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Poetic Baby Names for Girls: Ancient to modern inspiration

April 25, 2016 Linda Rosenkrantz

By Linda Rosenkrantz

April is National Poetry Month—and before it comes to an end, we have to acknowledge the rich reserve of poetic namesake names that just keeps on giving.

We’ve talked before about the fact that —whether by destiny or serendipity—some of our most famous poets happen to have eminently usable surnames, from Auden to Cullen to Dove to Frost to Lorca to Tennyson to Wylie. But today we’d like to dig a bit deeper and take a wider international and historic perspective. So here are some of the more unusual and exotic female poets’ first names we’ve discovered, ranging from ancient Greek to contemporary Australian.

Akka Mahadevi, often called simply Akka, eminent 12th century Indian poet who lived the life of a wandering poet-saint. The term Akka, which means ‘elder sister’ was an honorific bestowed on her.

Antigone Kefala—a modern Australian poet of Greek-Romanian heritage; Antigone was the legendary daughter of Oedipus immortalized in the Sophocles play.

Aphra Behn was not only a British Restoration era poet but an influential playwright and fiction writer, considered one of the first English-speaking women to earn a living by her writing.

Berlie Doherty— versatile English poet, playwright and novelist

Cai Wenji–a very early Chinese poet and composer

Eavan Aisling Boland is a contemporary Irish poet and literary critic whose verse explores women’s issues. Eavan (EE-van) is the Anglicization of Aoibheann, the name of several ancient Irish princesses

Charlotta Löfgren and Öberg—two Swedish poets of the 19th and 18th centuries who share a name that’s an interesting cross between Charlotte and Carlotta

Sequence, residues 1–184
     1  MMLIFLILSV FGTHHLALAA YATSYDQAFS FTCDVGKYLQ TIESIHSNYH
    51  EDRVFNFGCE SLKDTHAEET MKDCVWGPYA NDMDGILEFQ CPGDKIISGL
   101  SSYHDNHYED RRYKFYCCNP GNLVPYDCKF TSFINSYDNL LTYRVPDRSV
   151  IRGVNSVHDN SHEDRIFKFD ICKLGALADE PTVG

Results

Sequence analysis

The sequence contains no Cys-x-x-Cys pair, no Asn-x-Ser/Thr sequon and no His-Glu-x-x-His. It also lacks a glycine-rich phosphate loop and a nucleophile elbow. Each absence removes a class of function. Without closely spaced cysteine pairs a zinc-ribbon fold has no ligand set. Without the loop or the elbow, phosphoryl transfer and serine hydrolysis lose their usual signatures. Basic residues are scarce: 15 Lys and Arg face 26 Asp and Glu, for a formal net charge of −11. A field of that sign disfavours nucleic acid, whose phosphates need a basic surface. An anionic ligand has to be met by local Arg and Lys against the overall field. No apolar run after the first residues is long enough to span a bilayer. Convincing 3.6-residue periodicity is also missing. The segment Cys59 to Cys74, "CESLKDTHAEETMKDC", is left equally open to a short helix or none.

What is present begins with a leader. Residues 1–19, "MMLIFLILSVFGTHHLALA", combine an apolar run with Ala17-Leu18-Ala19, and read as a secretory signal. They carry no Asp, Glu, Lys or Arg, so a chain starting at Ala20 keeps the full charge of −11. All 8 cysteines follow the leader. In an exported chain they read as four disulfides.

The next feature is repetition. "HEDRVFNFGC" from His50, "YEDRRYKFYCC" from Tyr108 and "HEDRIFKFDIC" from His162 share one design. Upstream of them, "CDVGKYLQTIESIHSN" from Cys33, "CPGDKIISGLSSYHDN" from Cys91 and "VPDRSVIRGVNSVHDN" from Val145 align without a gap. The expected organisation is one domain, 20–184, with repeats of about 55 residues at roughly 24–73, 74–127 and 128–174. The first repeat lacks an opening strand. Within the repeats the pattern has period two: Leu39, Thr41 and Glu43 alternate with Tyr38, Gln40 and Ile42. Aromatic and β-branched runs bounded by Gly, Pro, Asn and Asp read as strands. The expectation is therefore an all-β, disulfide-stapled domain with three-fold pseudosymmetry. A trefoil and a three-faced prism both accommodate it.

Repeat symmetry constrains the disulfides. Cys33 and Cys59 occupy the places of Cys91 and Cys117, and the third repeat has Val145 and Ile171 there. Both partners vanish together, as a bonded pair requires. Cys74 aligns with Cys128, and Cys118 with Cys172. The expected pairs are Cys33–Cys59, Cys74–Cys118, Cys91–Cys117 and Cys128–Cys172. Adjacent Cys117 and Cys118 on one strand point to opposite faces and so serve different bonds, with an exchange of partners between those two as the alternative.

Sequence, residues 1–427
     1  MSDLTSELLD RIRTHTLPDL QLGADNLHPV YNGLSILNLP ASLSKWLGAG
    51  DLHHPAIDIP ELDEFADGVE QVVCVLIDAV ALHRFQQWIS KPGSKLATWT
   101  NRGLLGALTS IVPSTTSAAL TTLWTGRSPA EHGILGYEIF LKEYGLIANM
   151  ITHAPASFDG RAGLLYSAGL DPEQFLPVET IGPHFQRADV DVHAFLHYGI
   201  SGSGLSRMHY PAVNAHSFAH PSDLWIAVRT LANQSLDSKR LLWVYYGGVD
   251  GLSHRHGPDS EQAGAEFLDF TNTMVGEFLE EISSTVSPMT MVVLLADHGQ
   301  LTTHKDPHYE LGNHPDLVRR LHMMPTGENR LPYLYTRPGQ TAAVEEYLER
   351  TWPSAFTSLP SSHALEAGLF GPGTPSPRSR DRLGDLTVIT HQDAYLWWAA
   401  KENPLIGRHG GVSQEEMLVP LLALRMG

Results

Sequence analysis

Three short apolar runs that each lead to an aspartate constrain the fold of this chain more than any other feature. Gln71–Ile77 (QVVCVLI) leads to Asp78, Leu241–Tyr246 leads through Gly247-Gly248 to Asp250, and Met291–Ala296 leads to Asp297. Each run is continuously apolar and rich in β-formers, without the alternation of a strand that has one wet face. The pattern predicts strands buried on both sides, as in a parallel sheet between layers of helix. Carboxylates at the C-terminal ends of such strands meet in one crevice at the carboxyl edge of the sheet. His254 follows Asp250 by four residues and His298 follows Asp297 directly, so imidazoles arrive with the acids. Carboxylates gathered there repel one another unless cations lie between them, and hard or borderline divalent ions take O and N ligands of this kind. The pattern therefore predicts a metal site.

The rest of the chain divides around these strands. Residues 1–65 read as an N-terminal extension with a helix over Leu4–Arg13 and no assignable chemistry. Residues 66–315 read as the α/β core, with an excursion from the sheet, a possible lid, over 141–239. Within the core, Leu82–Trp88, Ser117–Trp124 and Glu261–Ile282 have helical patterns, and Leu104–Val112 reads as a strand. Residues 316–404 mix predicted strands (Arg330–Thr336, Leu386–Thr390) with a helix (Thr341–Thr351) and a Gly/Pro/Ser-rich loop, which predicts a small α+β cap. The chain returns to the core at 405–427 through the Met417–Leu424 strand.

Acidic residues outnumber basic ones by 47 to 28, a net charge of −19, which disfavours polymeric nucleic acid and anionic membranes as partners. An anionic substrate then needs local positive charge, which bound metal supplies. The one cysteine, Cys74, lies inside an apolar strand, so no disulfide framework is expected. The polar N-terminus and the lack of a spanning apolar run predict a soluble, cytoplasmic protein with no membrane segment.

Dulce Maria Loynaz—a Cuban poet and novelist of the 20th century; Dulce, of course, means sweet

Elvia Ardalani—a Mexican poet who now teaches in Texas

Florbela Espanca–Portuguese poet born in 1894—you might want to add another L to this ‘beautiful flower’ name

Giannina Braschi—a contemporary Puerto Rican poet/novelist who chronicles the Latin American immigrant experience

Kassiaa 9th century Byzantine poet and composer

Lale Müldür is an influential, eccentric Turkish poet; Lale means tulip in Turkish.

Lucrezia Tornabuoni—poet, political advisor and mother of the powerful Lorenzo de’ Medici

Marine Petrossian—a contemporary Armenian poet and essayist; Marine is currently popular in France

Meera, also called Mira Bai or Mirabai, who was a 16th century Hindu mystical poet

Nandini Sahu, a contemporary Indian poet

Nettie Palmer—an Australian poet and critic, born in 1885; Nettie is a nickname name (for any name ending in ette or etta that was in the Top 100 at the turn of the last century

Praxilla of Sicyon—a Greek lyric poet of the fifth century BC

Salomé Ureña de Henríquez—a 19th century poet from the Dominican Republic

Samina Raja—a Pakistani poet, translator and broadcaster—and another path to the nickname Sam

Sarojini Naidu—a well known Indian poet born in 1879, an advocate for women’s rights and follower of Gandhi

Sheema Kalbasi,– a modern Iranian poet and human rights advocate

Silvina Ocampo—a noted Argentinian poet of the 20th century

Tanith Lee—a British poet as well as a science fiction writer; Tanith was the name of the Phoenician goddess of love, the moon and the stars

Vendela Skytte– a 17th century Swedish noblewoman who became a learned scholar and poet; Vendela is a Scandinavian name currently represented by novelist Vendela Vida.

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